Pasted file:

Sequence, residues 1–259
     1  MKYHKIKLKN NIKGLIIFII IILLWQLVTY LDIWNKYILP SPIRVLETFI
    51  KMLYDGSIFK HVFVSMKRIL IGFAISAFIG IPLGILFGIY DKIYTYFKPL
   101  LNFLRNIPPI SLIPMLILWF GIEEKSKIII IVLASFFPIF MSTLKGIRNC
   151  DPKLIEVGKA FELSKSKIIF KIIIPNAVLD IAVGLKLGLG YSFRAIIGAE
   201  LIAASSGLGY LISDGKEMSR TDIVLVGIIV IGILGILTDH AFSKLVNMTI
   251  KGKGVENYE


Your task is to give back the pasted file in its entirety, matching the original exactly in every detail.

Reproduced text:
Sequence, residues 1–259
     1  MKYHKIKLKN NIKGLIIFII IILLWQLVTY LDIWNKYILP SPIRVLETFI
    51  KMLYDGSIFK HVFVSMKRIL IGFAISAFIG IPLGILFGIY DKIYTYFKPL
   101  LNFLRNIPPI SLIPMLILWF GIEEKSKIII IVLASFFPIF MSTLKGIRNC
   151  DPKLIEVGKA FELSKSKIIF KIIIPNAVLD IAVGLKLGLG YSFRAIIGAE
   201  LIAASSGLGY LISDGKEMSR TDIVLVGIIV IGILGILTDH AFSKLVNMTI
   251  KGKGVENYE